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paid by the proceeds of the sale of the lands, not calculated or intended for permanent use. the greater part of which had then been dis- His first book, the “Picture of Cincinnati" posed of. The swamp lands and salt water (1815), attained in its day a wide reputation, marshes of the United States present vast and and drew from Thomas Jefferson a highly comalmost untouched fields for this system of ope- plimentary letter. His last work, upon which rations. The accumulations of vegetable mate his fame as an author must principally rest, was ters they contain give fertility to the soil, when “ A Systematic Treatise, historical, etiological, the stagnating waters are removed; and the and practical, on the Principal Diseases of the success that has attended small operations un- Interior Valley of North America, as they apdertaken to bring them into cultivation, gives pear in the Caucasian, African, Indian, and encouragement to expect great results from Esquimaux Varieties of its Population," vol. i. operations undertaken upon a larger scale.-The of which was published in 1850, and vol. ii., subject of drainage may be further studied in the posthumously edited, in 1854. À memoir of number of Weale's “Rudimentary Series," by his life and services, by Edward D. Mansfield, G. D. Dempsy, “On the Drainage of Districts LL.D., was published in Cincinnati in 1855. and Lands." It is also treated in an article in DRAKE, Sir Francis, an English navigator, the U. S. patent office “ Agricultural Report” born near Tavistock, in Devonshire, according to for 1856; and by H. Colman in his reports of Eu- some authorities in 1539, and to others in 1545 or ropean agriculture. The very complete treatise 1546, died Dec. 27, 1595. His father, a poor yeoof James Donald has been recently republished man, and a recent convert to the Protestant faith, in New York; and William McCammon, civil obtained from Queen Elizabeth an appointment engineer of the “Albany tile works," has pre- as naval chaplain. He had 12 sons, of whom sented in an advertising pamphlet a summary Francis, the eldest, received a scanty education of the principles and advantages of drainage, through the liberality of his kinsman John, with exact descriptions of the tools and methods afterward Admiral Sir John Hawkins, and as employed and estimates of cost.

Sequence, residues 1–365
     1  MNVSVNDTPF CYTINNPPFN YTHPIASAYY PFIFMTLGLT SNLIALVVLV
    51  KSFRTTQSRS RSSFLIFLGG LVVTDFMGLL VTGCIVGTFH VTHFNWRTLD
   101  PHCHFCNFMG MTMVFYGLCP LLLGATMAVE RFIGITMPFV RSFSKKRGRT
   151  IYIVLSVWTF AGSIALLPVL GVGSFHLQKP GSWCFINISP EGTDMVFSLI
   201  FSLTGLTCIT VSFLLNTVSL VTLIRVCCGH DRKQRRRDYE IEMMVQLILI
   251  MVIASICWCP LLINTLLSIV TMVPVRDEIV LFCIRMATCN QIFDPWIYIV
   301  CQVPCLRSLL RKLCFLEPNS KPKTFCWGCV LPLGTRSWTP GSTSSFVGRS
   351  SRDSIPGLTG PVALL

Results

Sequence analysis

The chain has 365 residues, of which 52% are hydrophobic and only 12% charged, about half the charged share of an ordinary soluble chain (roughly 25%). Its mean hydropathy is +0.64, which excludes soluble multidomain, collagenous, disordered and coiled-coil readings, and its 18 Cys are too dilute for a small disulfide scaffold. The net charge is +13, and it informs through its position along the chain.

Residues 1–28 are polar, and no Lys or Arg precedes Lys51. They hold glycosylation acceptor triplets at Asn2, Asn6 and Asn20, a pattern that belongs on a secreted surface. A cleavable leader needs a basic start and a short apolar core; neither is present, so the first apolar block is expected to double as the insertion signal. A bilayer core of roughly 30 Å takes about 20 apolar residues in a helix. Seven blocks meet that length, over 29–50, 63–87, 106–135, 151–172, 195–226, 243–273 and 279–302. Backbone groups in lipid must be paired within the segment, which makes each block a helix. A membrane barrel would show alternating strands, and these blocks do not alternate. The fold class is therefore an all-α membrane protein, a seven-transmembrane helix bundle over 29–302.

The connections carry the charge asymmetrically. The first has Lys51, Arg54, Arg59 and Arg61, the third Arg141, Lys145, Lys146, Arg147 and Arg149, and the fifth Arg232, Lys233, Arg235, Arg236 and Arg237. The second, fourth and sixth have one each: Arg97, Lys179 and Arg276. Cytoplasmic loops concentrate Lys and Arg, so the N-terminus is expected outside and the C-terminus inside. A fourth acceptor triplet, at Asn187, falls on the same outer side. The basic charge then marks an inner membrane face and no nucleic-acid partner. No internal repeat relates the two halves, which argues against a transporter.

soon as he was old enough to serve as a cabin DRAKE, DANIEL, an American physician, boy, was apprenticed to the master of a bark. born in Plainfield, N. J., Oct. 20, 1785, died By his industry and frank and decided characin Cincinnati, O., Nov. 5, 1852. His father, a ter he so gained the affections of his master, farmer in indigent circumstances, emigrated that the latter at his death bequeathed his vesfrom New Jersey to Mason co., Ky., in 1788, sel to his young apprentice. Being thus at the where Daniel's childhood and youth, up to his age of 18 years a good sailor and the proprietor 16th year, were passed on a small farm, amid the of a ship, he quickly completed his education labors and privations of a frontier life. In Dec. by learning how to command, and made a com1800, with only such education as he had re- mercial voyage to the bay of Biscay and afterceived in the course of some 6 months' desul. ward to the coast of Guinea. Inspired by the tory attendance at different times upon country adventures and successes which the new world schools, taught by wandering and ignorant then offered, he sold his vessel and invested the schoolmasters, he was placed under the care of proceeds with all his savings in the expedition Dr. William Goforth, of Cincinnati, as a student of Capt. Hawkins to Mexico in 1567, receiving of medicine, and in 1804 he commenced the the command of the Judith. The fleet was atpractice of that profession. In 1816 he was tacked by the Spaniards, and only 2 of the 6 graduated at the university of Pennsylvania, and ships escaped. Drake, barely succeeding in savin 1817 he was invited to a professorship in the ing his own vessel, returned to England, with a Transylvania medical school at Lexington, Ky., loss of his entire property, and fruitlessly petiin which he lectured one session. In Dec. 1818, tioned the court of Spain to restore what its on his personal application, the legislature of subjects had taken from him. Then with an Ohio granted a charter for the medical college oath he declared that he would obtain by force of Ohio, at Cincinnati, and also established there the rights which he could not get otherwise, the commercial hospital. In the autumn of 1820 and began to sail with the avowed object of the former institution was opened for students, pillaging the Spaniards. In 1570 he obtained and for 2 sessions Dr. Drake was connected with a commission from Queen Elizabeth. In 1572 it. In 1823 he again accepted a chair in the he armed 2 ships at Plymouth, with which, Transylvania school; and thenceforth, till the joined by a third at Port Pheasant, on the coast close of his career, was with brief intermissions of South America, he made a descent upon connected with medical schools, holding profes- New Granada, captured and plundered varisorships in that institution, and in the Jefferson ous Spanish settlements, and made at the er. medical college, Philadelphia, in the Cincinnati pense of his enemies a fortune vastly larger medical college, in the university of Louisville, than they had taken from him. He returned and finally, again, in the medical college of to England in 1573, and was welcomed as a Ohio, with which he was connected at the time hero. While at Darien lie had seen from a of his death. As a professor of the theory and mountain top the waves of the Pacific, and had practice of medieine he held an eminent position, there conceived the purpose of an expedition and as a practitioner his reputation was coex- into those waters, yet unexplored by English tensive with the Mississippi valley. His writings vessels, which he now prepared to execute. His were voluminous, but principally of a character eloquence was sufficent to gain the patronage of Elizabeth, to whom he exposed the feeble- fatal malady broke out among his sailors, and ness of Spain in her colonies and promised as he heard of the defeat of a division of his treasures and conquests. He set sail from Ply- forces which he had sent to operate by land, he mouth, Dec. 13, 1577, with 5 vessels' and 164 himself fell sick, and died from the combined gentlemen and sailors, to follow the route which effects of fever and of mental agitation on achad been traced by Magellan.' While in Port count of the reverses of the expedition. His San Julian on the coast of Patagonia, he put to body received a sailor's funeral in sight of Puerdeath Captain Doughtie, a good sailor and brave to Bello, and was buried in the sea. Admiral officer, and a gentleman of birth and education, Drake was one of the founders of the naval who was charged with having conspired against greatness of England; and though in his spirit the life of the admiral. Directing his course to and conduct there was something of the buccathe N., Drake pillaged the Spanish settlements neer, he was yet one of the most daring and of Peru and Chili, captured a royal galleon efficient of naval commanders. richly laden with plate, and took possession of DRAKE, JOSEPH RODMAN, an American poet, California in the name of the queen of England, born in New York, Aug. 7, 1795, died Sept. 21, and then, burdened with gold, sated with ven- 1820. He lost his father in early life, and with geance, and fearing to meet the Spaniards in 3 sisters struggled against adversity. He studied superior force if he returned upon his steps, he medicine, and his marriage in 1816, shortly after sought to find by the N. E. a passage back to taking his degree, placed him in affluence. He the Atlantic. Being repelled by the severe cold, travelled in Europe, and after his return in 1819 he changed his purpose, and determined to contributed under the signature of “Croaker" make the circuit of the globe. He traversed the many pleasant and effective verses to the colPacific ocean, the archipelago of the Spice isl. umns of the “New York Evening Post.” His ands, the Indian ocean, doubled the cape of friend Fitz-Greene Halleck joined him in this Good Hope, and arrived at Plymouth, Sept 26, series, signing his own pieces at first “Croaker 1579. Elizabeth received him with favor, and jr.," but soon they both adopted the signature 4 months afterward knighted him, and partook of“ Croaker and co.” The novelist Cooper was of a banquet on board of his ship. The rupture also one of the intimate associates of Drake, and which followed between Elizabeth and Philip a conversation between them as to the poetical II. gave Drake a new opportunity to gratify his uses of American rivers, in the absence of hisanimosity against Spain, and within one year torical associatious such as belong to the streams he captured and plundered Carthagena and of the old world, was the occasion of Drake's several other towns, burned the forts of San longest and most imaginative poem, the “CulAntonio and Saint Augustine, and visited and prit Fay.” It was his aim to conjure up in this brought away with him the remains of the fanciful production all the associations of natcolony which Raleigh had planted in Virginia. ural life and beauty which gather around a sylIn 1587 he was placed in command of a fleet van scene, and to show how the earth, the air, of about 30 sail designed to attack the Span- the sea, the field, the wave, the moonlight, are ish ports. He destroyed 100 ships in the har- in themselves vital with poetical images and bor of Cadiz, an exploit which he spoke of as meaning. Though Drake had written verses singeing the king of Spain's beard, and soon from his boyhood, yet the poems which gave after captured an immense carrack, from papers him his wide reputation as a writer of genius in which the English first learned the value of and taste were all the productions of a single the East India traffic, and the mode of carrying season. His health failing, he passed the winit on. In 1588, as vice-admiral, he commanded ter of 1819 in New Orleans, hoping to be beneone squadron of the fleet by which, with the assis- fited by the milder climate. But the progress tance of the elements, the " invincible armada" of the consumption which had smitten him could was annihilated. In 1589 he ravaged the coasts not be arrested, and he lived but a short time of the Spanish peninsula, leaving fearful traces after his return to New York in the spring. His of his passage, and in 1592 and 1593 was a mem- death called forth a beautiful poetical tribute ber of parliament for Plymouth. In 1594, a re- from his friend Halleck. port having reached England that Spain was pre- DRAKE, NATHAN, an English physician and paring against that country a fleet more numerous miscellaneous writer, born in York in 1766, died and powerful than the armada, he again entered in Hadleigh, June 7, 1836. He was educated at the service against his old enemy. Convinced the university of Edinburgh, and practised his that the West Indies was the point where Spain profession in Hadleigh from 1792 till his death, could be best attacked, he sailed for America in during which time he was a frequent contrib1595 with 26 vessels, in company with Admiral utor to literary and medical periodicals. His Hawkins. A divided command produced its works are numerous ; they include " Shakeusual bad results, and their first attempts were speare and his Times” (2 vols. 4to., London, unharmonious and fruitless. At Porto Rico 1817), and various criticisms and illustrations of Admiral Hawkins died, either of a wound or of the writings of the age of Queen Anne. chagrin, and Drake then in the region where his DRAKE, SAMUEL GARDNER, an American first anger against Spain had been